Miners' lawyer lays into police action at Marikana

Marikana miners in court. (Gallo)

Marikana miners in court. (Gallo)

While leading evidence, defence lawyer Lesego Mmusi said police could have implemented other measures and avoided a violent clash.

Mmusi is requesting the Ga-Rankuwa Magistrate's Court to consider the bail hearing of the group of men in detention as an urgent matter.

"It is undisputed that the group had been gathering on that hill every day and dispersing every night. Why didn't the police cordon off the hill at night and in the morning the people would find the place secured," asked Mmusi.

"They [police] didn't apply the reasonable means in this matter. The state did not do its duty and has failed citizens.
Even the community there [in Marikana] has been inconvenienced by the police's actions," he told the court.

Mmusi lambasted the state for the current arrangement, whereby only a small group of the people detained appear in court. These men would inform their colleagues of what transpired in court.

"Suppose this matter goes all the way to the Constitutional Court, we will be asked 'how were you representing people who were not in court?' What if one of our clients, say number 29, wants to raise his hand and make a contribution?" asked Mmusi.

Right to a fair trial
Prosecutor Nigel Carpenter told the court on Monday that arrangements had been made that only three people would be picked per police station to attend the court session. The Ga-Rankuwa court did not have the capacity to contain all the accused – now 270 – in a single session. The men arrested following the violence are being held at different police stations.

The defence said that arrangement was an infringement of the detained men's right to a fair trial.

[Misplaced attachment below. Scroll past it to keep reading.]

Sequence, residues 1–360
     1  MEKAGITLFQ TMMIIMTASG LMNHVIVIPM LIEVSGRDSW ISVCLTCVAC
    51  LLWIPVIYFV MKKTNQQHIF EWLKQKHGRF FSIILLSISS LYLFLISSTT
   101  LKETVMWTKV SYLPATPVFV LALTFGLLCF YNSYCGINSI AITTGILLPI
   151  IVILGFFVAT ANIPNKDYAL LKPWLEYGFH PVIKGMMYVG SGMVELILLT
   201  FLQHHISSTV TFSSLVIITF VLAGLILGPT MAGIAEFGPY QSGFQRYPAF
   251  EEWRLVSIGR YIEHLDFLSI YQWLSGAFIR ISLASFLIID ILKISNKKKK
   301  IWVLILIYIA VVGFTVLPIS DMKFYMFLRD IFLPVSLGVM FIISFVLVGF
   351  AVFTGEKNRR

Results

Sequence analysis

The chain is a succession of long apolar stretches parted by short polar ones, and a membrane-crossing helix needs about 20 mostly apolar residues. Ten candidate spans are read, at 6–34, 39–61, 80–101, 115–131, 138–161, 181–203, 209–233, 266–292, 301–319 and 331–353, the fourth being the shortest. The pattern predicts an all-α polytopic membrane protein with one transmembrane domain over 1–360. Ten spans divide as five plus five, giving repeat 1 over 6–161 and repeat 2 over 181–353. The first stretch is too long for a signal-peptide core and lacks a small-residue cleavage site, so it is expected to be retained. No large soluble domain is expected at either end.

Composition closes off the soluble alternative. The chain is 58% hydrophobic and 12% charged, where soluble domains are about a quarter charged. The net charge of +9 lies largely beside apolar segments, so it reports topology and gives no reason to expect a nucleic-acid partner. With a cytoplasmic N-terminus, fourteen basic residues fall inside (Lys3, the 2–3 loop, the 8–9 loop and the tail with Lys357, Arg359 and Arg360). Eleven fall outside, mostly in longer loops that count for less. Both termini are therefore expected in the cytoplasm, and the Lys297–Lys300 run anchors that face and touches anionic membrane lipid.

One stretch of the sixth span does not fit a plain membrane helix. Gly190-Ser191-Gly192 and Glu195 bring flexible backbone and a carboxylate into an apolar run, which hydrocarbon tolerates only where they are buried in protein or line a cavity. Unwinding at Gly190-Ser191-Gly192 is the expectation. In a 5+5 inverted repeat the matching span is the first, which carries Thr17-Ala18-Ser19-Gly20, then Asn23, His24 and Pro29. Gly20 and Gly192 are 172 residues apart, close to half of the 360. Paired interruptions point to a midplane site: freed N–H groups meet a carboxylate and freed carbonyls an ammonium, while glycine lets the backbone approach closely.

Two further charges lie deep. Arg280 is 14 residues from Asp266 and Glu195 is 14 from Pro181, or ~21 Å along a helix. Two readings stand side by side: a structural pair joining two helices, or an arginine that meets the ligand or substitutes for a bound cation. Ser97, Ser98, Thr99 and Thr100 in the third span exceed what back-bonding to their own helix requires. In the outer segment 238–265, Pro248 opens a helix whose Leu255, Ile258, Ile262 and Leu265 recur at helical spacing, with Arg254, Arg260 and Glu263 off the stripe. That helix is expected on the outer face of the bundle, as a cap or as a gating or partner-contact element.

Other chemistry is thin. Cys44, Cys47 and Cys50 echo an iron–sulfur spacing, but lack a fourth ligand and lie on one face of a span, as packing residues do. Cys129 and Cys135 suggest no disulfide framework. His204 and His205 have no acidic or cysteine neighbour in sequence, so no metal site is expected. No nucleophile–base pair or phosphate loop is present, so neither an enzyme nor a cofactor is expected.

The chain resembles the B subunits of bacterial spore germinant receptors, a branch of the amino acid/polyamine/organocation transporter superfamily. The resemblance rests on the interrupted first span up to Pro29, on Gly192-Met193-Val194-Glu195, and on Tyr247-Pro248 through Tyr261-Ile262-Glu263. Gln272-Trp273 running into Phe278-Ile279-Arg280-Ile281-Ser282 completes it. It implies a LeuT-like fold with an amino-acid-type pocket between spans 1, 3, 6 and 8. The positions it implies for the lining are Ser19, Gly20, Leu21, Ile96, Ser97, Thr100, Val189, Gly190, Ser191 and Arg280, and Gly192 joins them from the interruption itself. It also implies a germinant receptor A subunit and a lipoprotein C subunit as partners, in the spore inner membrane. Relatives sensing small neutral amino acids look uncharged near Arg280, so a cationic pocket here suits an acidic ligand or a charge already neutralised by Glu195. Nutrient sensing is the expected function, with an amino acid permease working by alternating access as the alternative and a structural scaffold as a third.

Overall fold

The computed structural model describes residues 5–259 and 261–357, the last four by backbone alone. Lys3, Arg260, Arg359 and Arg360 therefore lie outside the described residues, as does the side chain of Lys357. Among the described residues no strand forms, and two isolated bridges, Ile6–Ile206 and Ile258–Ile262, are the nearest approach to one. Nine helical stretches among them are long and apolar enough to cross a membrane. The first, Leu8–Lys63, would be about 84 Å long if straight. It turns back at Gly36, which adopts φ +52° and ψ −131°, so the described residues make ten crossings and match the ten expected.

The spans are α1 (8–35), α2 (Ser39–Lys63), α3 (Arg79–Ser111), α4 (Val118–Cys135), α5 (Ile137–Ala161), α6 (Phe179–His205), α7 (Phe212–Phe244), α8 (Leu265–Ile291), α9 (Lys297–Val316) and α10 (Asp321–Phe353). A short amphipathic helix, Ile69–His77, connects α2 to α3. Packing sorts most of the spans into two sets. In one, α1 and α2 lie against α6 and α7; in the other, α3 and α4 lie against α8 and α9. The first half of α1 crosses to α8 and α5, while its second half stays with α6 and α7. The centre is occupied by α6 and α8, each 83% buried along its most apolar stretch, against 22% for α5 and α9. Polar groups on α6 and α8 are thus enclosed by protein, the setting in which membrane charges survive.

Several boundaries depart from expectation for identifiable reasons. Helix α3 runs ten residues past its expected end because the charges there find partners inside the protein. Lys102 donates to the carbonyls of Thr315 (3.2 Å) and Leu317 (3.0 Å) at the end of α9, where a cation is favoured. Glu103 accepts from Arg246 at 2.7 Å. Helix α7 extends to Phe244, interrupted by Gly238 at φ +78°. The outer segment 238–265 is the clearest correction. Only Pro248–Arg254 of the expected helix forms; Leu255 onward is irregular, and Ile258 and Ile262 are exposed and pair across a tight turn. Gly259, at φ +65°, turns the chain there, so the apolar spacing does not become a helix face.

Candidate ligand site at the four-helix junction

"How is it a fair trial when your bail application is being heard in court and you are not there?"

The number of detained men had increased from the previous 260 because some of the men were being released from hospital and taken into custody.

Mmusi said two of the detained men had gunshot wounds and were not getting treatment while in custody. He said all the men should be released as some were in dire need to get access to vital medication for illnesses including tuberculosis and HIV.

Not doing their job
Regarding evidence submitted by head of the Potchefstroom detectives, Brigadier Jacobus van Zyl, who is leading the investigation team, the defence said the police were not doing their job.

"He was given seven days [on August 20] and he had done nothing. What assurance do we have that he will deliver this time? On one of the days, he even attended the memorial service for the deceased people, we don't know what his business was," said advocate Simon Hlahla, for the group of men.

"He [Van Zyl] got his bite at the cherry and he let it rot. Now he wants to get a fresh cherry. What assurance do we have that he will deliver?" Van Zyl was called in as the first state witness on Monday. He supported the state's application for the bail hearing to be postponed for a further seven days.

Only a few men from the group were in court because the room was not big enough to accommodate all of them. Those who appeared would have to convey what happened to the others.

They were arrested last Thursday after police opened fire on protesters near Lonmin's Marikana mine, North West, killing 34 and wounding 78. – Sapa

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